Already a critical economic interest for the U.S., near-Earth space is set to become even more valuable. Economic projections suggest the space economy could reach $1 trillion to $2.7 trillion in the next few decades, fueled by technological advances that make near-Earth space more accessible and affordable to use. While many of these advances are in the early stages of development, new technologies expected to reshape the economic landscape include 5G telecommunication and other internet-of-things services. 


Countries big and small are eager to invest in space, but the lack of effective space governance leaves unanswered many critical questions about cooperation, investments, technology transfer and space sustainability. Without solutions to these questions, it is unlikely the U.S. (or other countries) will be able to capitalize fully on the economic value of this domain. 

The challenges to development

Predictions of near-Earth space economy growth are optimistic but they aren’t inevitable. Space debris — the human-made junk floating in space — is such a serious problem that it could prevent the use of some Earth orbits. It constitutes an environmental crisis with serious global economic and military ramifications, but, aside from voluntary guidelines, there are no international agreements to address this challenge.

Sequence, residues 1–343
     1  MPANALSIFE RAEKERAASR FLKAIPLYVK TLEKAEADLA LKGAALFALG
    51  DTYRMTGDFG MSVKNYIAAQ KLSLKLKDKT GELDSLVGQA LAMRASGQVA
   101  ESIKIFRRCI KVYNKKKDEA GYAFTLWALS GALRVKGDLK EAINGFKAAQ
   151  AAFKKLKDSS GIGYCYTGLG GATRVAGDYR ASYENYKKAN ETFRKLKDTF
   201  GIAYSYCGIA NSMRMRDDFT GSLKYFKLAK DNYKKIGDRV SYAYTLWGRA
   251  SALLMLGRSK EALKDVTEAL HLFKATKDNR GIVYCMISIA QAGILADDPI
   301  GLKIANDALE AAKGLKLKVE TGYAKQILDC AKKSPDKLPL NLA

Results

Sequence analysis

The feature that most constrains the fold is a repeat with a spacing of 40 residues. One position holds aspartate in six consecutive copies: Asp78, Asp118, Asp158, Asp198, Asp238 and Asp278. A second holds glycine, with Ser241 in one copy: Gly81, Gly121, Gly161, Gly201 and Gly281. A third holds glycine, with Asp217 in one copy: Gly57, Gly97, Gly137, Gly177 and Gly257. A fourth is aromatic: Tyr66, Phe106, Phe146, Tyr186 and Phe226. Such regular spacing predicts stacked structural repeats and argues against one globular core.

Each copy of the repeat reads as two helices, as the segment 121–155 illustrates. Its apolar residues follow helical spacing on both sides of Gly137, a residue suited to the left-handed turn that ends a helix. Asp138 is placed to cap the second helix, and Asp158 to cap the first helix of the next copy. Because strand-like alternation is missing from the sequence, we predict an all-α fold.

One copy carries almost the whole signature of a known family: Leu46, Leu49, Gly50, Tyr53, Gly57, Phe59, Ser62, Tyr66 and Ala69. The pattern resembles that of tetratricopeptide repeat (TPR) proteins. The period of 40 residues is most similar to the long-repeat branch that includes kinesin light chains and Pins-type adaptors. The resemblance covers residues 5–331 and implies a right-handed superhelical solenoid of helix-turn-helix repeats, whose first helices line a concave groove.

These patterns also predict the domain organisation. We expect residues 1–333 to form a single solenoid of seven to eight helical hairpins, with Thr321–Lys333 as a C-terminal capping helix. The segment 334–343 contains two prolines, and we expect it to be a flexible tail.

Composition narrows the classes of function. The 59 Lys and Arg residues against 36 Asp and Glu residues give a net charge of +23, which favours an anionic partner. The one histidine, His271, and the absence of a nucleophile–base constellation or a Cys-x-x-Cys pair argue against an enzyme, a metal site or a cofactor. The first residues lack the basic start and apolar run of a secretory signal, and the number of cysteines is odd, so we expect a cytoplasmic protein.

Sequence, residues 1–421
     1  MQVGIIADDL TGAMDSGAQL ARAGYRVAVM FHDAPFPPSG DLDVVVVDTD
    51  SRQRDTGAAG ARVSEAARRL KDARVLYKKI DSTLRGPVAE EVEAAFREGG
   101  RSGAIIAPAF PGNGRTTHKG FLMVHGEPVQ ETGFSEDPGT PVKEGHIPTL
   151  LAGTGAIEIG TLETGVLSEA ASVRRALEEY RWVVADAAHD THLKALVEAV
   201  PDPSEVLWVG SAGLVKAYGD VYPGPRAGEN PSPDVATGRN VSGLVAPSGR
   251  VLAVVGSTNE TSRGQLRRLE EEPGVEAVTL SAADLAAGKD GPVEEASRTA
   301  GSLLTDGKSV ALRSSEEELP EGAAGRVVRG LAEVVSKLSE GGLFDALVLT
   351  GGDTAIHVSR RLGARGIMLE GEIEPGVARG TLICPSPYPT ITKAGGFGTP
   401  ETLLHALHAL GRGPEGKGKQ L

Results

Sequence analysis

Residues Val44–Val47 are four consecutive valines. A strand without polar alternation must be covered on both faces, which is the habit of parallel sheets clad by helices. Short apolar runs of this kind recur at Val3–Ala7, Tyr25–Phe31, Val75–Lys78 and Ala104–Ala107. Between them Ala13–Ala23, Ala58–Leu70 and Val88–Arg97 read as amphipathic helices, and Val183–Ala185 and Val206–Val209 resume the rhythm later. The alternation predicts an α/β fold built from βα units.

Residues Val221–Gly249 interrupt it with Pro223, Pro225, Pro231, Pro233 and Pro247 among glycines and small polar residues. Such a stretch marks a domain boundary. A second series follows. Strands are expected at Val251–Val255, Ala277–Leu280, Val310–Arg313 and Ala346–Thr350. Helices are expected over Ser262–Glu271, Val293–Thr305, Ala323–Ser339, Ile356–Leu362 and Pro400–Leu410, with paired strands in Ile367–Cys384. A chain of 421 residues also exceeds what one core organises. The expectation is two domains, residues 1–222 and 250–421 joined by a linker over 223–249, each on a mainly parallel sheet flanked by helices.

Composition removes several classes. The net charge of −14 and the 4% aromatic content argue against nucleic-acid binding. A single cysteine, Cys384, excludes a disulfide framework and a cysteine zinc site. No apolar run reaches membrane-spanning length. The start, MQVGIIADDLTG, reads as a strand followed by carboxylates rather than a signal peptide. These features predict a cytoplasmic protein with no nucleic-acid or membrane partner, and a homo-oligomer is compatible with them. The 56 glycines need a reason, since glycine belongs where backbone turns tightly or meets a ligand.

The dual-use nature of most space technologies poses an equally daunting challenge. Governments apply the dual-use label to items that could be used for both commercial and military applications, choosing to control these items over concerns that the technologies could give an adversary some sort of advantage. Nearly all software and hardware needed to build satellites, rockets or other space systems are controlled by governments under the dual-use label. As a result, commercial space companies often have a difficult time accessing international markets without restrictions that impose costs and limit business options. 

The need for new governance

Current space governance is a hodgepodge of national and international treaties and regulations that are incapable of governing most space activities. Internationally, five treaties produced between 1967 and 1979 attempt to govern space activities. Although still relevant, these agreements are ill-equipped to deal with many of today’s challenges and advancements, such as space debris and on-orbiting servicing.